Noa Asher Berkeley lives on an “urban kibbutz” in southern Israel, has a 2-year-old son, and is about to give birth to her second child. For three years, she has been working as a Youth Futures Mentor, guiding a group of 16 at-risk middle-school students to more successful interpersonal, academic, and emotional lives. She currently manages the Youth Futures program in Sderot.
Even on a normal day, balancing work and home would be difficult; she is torn between the needs of her Youth Futures children and the needs of her own son, who attends a pre-school in a bomb-safe building near Gaza. But lately, times have not been quite normal.
Berkeley is one of 95 Youth Futures Mentors living in southern Israel; together, they are trying to help 1,160 Youth Futures children get through Israel’s current crisis with as little trauma as possible.
Merav Marciano, manager of Youth Futures in the South, pointed out that “There are Mentors who are dealing with the trauma of their own, biological, children. A few days ago, we reached out to one of our own staff members, because we worried that she needs help. We try to work in parallel, to worry about the children in our program, and also to be supportive of the Mentors – because if the Mentors do not feel a sense of security and appreciation, it is difficult for them to give to the community.”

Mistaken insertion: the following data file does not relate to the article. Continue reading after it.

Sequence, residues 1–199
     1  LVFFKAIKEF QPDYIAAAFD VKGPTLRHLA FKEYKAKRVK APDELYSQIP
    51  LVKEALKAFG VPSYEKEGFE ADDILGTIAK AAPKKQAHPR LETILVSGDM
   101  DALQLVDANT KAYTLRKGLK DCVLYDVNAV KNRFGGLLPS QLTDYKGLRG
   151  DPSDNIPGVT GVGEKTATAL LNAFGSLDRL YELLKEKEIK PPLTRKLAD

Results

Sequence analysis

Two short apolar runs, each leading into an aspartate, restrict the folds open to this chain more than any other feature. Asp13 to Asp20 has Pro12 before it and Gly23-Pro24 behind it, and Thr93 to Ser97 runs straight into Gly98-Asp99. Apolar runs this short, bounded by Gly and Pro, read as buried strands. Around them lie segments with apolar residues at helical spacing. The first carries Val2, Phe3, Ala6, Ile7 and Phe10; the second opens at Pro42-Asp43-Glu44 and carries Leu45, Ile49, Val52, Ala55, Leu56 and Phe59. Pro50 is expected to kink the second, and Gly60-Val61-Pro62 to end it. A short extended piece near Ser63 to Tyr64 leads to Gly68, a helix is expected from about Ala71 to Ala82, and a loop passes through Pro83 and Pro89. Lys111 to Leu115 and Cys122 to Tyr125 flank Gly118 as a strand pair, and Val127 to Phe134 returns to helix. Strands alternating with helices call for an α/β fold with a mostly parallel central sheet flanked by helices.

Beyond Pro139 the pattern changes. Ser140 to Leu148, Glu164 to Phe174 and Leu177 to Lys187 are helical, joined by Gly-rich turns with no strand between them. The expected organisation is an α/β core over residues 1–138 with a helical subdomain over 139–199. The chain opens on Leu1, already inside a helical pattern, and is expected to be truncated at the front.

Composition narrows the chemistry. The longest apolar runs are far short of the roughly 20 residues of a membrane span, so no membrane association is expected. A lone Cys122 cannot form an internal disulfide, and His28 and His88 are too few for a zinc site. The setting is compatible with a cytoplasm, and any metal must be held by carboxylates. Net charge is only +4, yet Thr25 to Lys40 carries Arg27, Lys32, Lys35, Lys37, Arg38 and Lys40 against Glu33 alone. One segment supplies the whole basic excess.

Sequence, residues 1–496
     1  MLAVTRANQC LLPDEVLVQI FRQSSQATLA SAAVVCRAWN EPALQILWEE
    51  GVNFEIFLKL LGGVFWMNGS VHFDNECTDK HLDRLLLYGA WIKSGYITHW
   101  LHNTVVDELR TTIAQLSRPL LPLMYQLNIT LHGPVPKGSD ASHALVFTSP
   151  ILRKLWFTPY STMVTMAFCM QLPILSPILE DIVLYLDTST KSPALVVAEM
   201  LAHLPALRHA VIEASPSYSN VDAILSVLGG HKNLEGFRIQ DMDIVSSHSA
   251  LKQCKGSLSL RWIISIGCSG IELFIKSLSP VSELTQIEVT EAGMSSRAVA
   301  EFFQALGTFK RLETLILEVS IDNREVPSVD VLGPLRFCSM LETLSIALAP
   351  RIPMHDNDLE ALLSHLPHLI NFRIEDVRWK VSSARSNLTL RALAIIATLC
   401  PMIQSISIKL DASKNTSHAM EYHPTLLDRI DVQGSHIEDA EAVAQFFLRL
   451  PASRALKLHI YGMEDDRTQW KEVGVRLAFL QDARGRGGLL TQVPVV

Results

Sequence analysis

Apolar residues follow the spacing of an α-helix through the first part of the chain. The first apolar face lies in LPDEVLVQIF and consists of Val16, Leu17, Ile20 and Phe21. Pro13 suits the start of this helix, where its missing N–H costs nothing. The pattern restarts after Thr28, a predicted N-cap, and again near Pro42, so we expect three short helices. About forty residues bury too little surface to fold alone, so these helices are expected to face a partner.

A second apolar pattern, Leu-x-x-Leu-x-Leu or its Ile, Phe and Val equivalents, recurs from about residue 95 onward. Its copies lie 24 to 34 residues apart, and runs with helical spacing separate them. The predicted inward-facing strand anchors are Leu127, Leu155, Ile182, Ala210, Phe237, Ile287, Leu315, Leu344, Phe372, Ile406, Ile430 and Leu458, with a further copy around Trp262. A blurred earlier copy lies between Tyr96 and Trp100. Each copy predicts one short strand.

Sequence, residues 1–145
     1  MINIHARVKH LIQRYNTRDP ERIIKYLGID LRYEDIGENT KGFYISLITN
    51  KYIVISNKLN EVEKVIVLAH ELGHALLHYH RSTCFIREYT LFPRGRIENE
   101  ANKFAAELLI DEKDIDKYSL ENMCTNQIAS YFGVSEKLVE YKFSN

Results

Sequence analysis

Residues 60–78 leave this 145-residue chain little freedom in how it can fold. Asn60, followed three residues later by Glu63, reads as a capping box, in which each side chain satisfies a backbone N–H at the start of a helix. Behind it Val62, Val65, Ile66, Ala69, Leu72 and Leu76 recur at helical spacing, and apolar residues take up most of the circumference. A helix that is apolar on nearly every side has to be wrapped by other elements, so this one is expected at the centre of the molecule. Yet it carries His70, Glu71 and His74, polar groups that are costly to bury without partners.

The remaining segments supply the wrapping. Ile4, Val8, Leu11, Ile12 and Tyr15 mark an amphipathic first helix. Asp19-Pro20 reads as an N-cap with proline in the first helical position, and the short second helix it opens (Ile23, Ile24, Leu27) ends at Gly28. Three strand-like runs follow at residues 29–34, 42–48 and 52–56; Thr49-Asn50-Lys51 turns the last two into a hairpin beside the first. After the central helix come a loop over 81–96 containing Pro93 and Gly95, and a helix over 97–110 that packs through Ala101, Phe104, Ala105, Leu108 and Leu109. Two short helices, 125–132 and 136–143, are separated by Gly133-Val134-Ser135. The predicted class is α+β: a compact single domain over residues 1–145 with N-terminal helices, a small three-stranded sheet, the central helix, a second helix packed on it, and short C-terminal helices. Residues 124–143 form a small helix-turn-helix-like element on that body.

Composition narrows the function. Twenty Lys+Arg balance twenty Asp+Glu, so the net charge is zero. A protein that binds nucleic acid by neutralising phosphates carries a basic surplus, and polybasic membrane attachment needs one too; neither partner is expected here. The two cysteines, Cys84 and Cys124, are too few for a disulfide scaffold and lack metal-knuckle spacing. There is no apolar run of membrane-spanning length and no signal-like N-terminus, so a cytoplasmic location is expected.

“The most ‘protected’ room in my house is the bathroom,” Berkeley said, about where she needs to run to safety when the air-raid sirens go off – which they do so often now, all night and all day. “As soon as things escalated, we moved into the home of friends who had fled up north, and we stayed there until yesterday. My husband has been called up serve in the IDF Reserves, so we went yesterday to stay at my in-law’s house. I’m running two fronts now: work and home.”
Still, she has been calling and visiting her Youth Futures charges every day, assessing the emotional states of the children and their families, and finding out what material or mental-health support they might need. “When the ‘Code Red’ sirens go off, many children get anxiety attacks, and we need to organize home visits by psychologists,” Berkeley said.
In one incident, Noa accompanied another Mentor who had discovered that one of the children was living in a top-floor apartment with no bomb-protected space. The Mentors went in person to persuade the family to move temporarily out of their house, and are giving them ongoing support to help minimize their anxiety.
“We are doing what we can to help the children individually, and to take them out for days of respite as a group,” Berkeley said. “But it’s hard because we’ve been in ‘emergency mode’ now for several weeks. The children don’t have much time left in their summer vacation, and what is left we expect will be very heavy and full of emotional baggage they’ll be dealing with long into the new school year. We work so hard with them in Youth Futures to help them succeed, but after a summer like this, the children move three steps back.”
Shimrit Biton, another Mentor and the mother of a 2-year-old, who experienced a rocket landing on the house next door, said that working with the other Mentors inspires her and gives her the strength to keep doing her job. “I am so proud of the staff that is committed to education and to values-based action at all times,” she said. “It warms the heart that The Jewish Agency responds to us, and to others, in real time.”